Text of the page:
By Brandon Blackburn:
The following is not a political endorsement for any one candidate, but rather an explanation as to why Secretary Hillary Clinton’s emails and use of a private server warrant consideration to voters this election season. For some voters it may be the paramount factor in their decision making, for others a minor thought. Regardless, as you weigh the pros and cons of each candidate, out of respect for the men and women who entrust their lives with our government leaders it is worth being educated on the matter.
My analysis herein is based on my experience as a CIA officer, which early on included a brief rotation in the office responsible for security and investigating vulnerabilities to sensitive information. Furthermore, as is the case for all of my coworkers, my duties necessitated the handling and exposure to some of the most sensitive information the government cultivates. As a result, every officer with this access is required to attend official briefings on the process and adhere to, in writing, a binding legal agreement that swears an oath to abide by the laws established to protect this information. And in doing so, protect the lives of one another and our sources and allies.
The consternation exhibited by many Americans, to include those who have served in our intelligence and military communities, is rooted in the interest of ensuring these laws and protections are preserved and upheld. It is the belief that public servants entrusted with this responsibility are bonded by their respect for the process, and the penalties of violating such process, regardless of rank or position.
Based on the aforementioned signed agreement, the indication is that at a minimum there would be some penalty for anyone who mishandles and improperly exposes classified information, likely at least loss of security clearance and probably an inability to ever retain again. This would be regardless of intent and tied to negligence. Intent therefore can up the ante. This is not conjecture mind you. In recent months there have been examples of the law pursuing action against individuals who exposed information outside of the secure methods in place. This includes a marine being discharged after sending a classified detail via his private email to warn his counterparts of an impending attack against them.
The next commonly held argument by many who discount this as not a significant issue is that the information was not classified at the time of transmission. The justification here is that there was no marking on the emails in question at the time they were sent. Therefore, the information was not classified. The flaw in this argument is exposed with a simple explanation. It is the information that determines classification, not the application of a marking. This is why throughout the government there are several firewalls to ensure protection, to include the server being used. That is, sensitive information is only to be exchanged via government secured server as the backstop against failure to mark and a range of other contingencies. A longstanding struggle from those tasked with implementing and enforcing information security is the marking of electronic communications by the workforce. It’s not uncommon in the daily course and pace of business to fail to mark every single email exchanged. Just think about the number of emails or texts you send out daily.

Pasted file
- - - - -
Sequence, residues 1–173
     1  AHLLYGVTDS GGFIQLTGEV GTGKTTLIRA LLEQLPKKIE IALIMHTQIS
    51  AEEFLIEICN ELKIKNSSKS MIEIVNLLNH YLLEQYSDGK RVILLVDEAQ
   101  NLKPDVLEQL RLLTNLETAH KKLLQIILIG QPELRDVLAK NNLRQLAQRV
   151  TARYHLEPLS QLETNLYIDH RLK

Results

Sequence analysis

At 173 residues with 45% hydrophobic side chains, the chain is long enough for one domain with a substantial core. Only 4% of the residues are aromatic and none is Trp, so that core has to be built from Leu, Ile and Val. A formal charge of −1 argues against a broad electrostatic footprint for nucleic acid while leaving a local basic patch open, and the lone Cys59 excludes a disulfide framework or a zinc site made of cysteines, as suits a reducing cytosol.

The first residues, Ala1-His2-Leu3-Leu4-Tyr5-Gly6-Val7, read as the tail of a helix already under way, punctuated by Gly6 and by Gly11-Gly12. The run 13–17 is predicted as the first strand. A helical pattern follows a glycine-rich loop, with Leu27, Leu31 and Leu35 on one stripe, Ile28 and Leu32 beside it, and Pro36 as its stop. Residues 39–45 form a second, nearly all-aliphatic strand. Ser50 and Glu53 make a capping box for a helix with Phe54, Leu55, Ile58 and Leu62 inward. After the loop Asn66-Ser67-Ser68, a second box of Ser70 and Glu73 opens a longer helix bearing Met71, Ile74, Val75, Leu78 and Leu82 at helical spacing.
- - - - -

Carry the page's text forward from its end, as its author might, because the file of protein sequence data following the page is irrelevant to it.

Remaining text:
This is to say that the argument it wasn’t classified at the time because it wasn’t marked has no merit. The information is what determines that, not the presence of a marking. By this logic, would one therefore justify taking a new product out of a store that hasn’t been marked with a price tag yet? After all, it must be free since it hadn’t yet been tagged.
As for the marking that has been a point of contention, the now notorious “C”. This is part of yet another firewall that indicates to what level specific parts of a paragraph or document are classified. It is one of many denotations that are explained in the ubiquitous security briefings for those granted security clearance. The signatory of the non-disclosure agreement at the end of these briefings is conveying an understanding of the process and information briefed and an oath to abide by it. Doing so otherwise would only mean one of two things. Either the party never received the briefing but was able to sign the agreement anyway, or signed without the full understanding of what was briefed.
Finally, regardless of the principle in question this issue matters mostly to those on the front lines who work in the shadows and rely on the laws in place for protection so that they may do their jobs. In cases where information seeps through the firewalls, whether through malicious intent or gross negligence, we can never fully know to what extent people’s lives and missions may be jeopardized. All it takes to finish a puzzle is one piece. And our intelligence officers are tasked with putting together puzzles day in and day out, as are our adversaries who wish us harm.
So when evaluating the candidates and the issues, this might not be your single smoking gun, but it should also not be discounted as meaningless. We all owe it to those in harm’s way to ensure it never is.
Brandon Blackburn is an OpsLens Contributor and former CIA Counterterrorism Officer with a journalism degree from the University of Missouri and an MBA with a concentration in International Business. During his time with the CIA, Brandon served multiple tours in the Middle East, to include Iraq and Jordan, and in Afghanistan. Brandon consults with businesses and media on national security related issues with his consulting firm B4B Enterprises. He can be followed on Twitter @Bran_Blackburn.
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